Ever wish you had a voice in running the AAM’s annual meeting? Now you do. AAM has opened up the session proposal process to crowdsourced input. You can use the new site to submit a draft session proposal for input from your peers, and to read and comment on the ideas that your colleagues are developing. After the proposals are finalized (Aug. 24), you’ll be invited to vote for the sessions you’d like to see in Baltimore next spring, and the program committee will take your collective opinion into account in making their decisions.
The proposal site’s only been open since Tuesday, and already there are over a dozen proposals available for your inspection. Some of them are nuggets of ideas (“What can museums—particularly smaller institutions—do to raise awareness of their importance and increase support other than dealing with their federal and state officials?”) that will be fleshed out with your input. Some of them are pretty well developed, but could still change if you weigh in with a great idea.
I’ve posted four proposals on behalf of CFM, and would love your help improving them before the voting and formal selection process begins. In addition to introducing crowdsourced input, this year AAM has introduced session formats replacing the traditional default of “three talking heads and a moderator behind a table/podium.” I’ve tried to explore the potential of some of these new formats in shaping the following sessions:
- Ethics Smackdown would pit two speakers (or teams of speakers) against each other to debate a resolution that restrictions on using funds from the sale of collections objects ought to be loosened. CFM’s recent forecast on the future of museum ethics (report currently in prep at the Institute of Museum Ethics) made it clear opinions in the field are split on this topic, with very strong feelings on both sides of the issue. The subject evokes such passion that a knock-down, drag out debate might be just the way to “get it all out on the table.” The audience will be invited to vote on who won the debate, of course.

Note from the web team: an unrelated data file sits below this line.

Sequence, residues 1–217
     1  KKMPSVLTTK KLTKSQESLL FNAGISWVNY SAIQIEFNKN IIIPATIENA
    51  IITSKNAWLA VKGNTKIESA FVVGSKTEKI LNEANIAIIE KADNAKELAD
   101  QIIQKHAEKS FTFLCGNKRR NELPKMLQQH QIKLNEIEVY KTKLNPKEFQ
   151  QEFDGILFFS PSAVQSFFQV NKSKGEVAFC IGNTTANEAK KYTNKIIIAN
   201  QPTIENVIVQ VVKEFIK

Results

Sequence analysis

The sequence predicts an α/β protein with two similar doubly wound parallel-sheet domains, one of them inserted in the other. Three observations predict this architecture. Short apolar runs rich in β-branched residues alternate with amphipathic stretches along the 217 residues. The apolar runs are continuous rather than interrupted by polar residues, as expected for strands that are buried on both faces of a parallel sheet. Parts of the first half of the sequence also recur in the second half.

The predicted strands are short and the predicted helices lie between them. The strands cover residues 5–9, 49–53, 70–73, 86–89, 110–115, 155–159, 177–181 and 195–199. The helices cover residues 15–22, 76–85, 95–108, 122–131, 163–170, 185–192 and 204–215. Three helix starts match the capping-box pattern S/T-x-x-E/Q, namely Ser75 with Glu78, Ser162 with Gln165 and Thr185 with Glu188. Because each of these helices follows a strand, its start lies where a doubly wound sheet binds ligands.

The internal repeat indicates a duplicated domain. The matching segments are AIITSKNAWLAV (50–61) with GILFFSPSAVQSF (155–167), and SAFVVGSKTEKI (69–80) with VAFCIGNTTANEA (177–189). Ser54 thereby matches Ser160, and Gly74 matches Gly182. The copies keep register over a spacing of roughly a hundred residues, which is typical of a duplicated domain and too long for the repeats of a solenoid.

- One of the new session formats is Creative Collaboration, inviting session organizers to use “role-play, simulation, proto-typing or game play” to explore a topic. I can’t resist trying this format out, so I’ve recruited games designer Ken Eklund (aka “The Writer Guy”) to help me create a futurist approach to the meeting theme of “Storytelling.” We’ll be cooking up some way to explore “Stories of the Future” (known more formally in futures studies as scenarios) through immersive role-play and gaming (details TBD).
- Another great alternative to talking heads is the “Skills Lab” format for hands-on workshops. I’d like to use this to teach a core forecasting skill that I can’t spend much time on in my workshops. How to Read: a Primer on Scanning would lead participants (armed with their own internet connected devices) through the process of selecting and personalizing Web tools for finding, monitoring, bookmarking, archiving and sharing news sources, as well as encouraging attendees share tips on their best sources whether it be mainstream news, obscure online journals, blogs or tweeters. (My not so hidden agenda for this session—I want to recruit and train a cadre of citizen scanners to contribute to CFM’s weekly e-newsletter “Dispatches for Future of Museums.” The more people scanning, the better and more comprehensive the news we compile and distribute to you!)
- Another potential session would feature CFM’s second annual trends report (TrendsWatch 2013) being released next spring. I’m still noodling on how to design a session that adds value to the report itself, rather than just walking people through the content. For now, I’ve proposed using the “Flash” format to feature a series of presenters (one person, with appropriate expertise, for each trend) each giving a lightening summary of one trend and lobbing thought-provoking ideas about potential implication for museums. We ought to provide a way to collect and share audience feedback too—take a look at what I’ve sketched out and see what you think.
If you’re planning to submit a proposal for the 2013 meeting, I strongly encourage you to put your proposal up on the site as soon as possible, and use your own avenues of communication (email, Twitter, blog, word to a friend) to encourage people to read and comment. Whether or not you intend to submit a proposal, please bookmark the site and make a point of visiting, reading and commenting throughout the summer. Let’s get past the days when people exit the session room muttering “I know who would have been PERFECT for that panel, if only they had asked me,” or “it would have been so much cooler if they had done [x].”Skip over related stories to continue reading article
Even if a given proposal isn’t selected for Baltimore, your input may help make new connections (as organizers follow up on leads for potential speaker) and inspire people to explore the topic in alternative ways. The site will become a collection of ideas, widely shared and jointly improved, that may inspired videos, podcasts, webcasts and sessions at other meetings, national and local.
Let the crowdsourcing begin!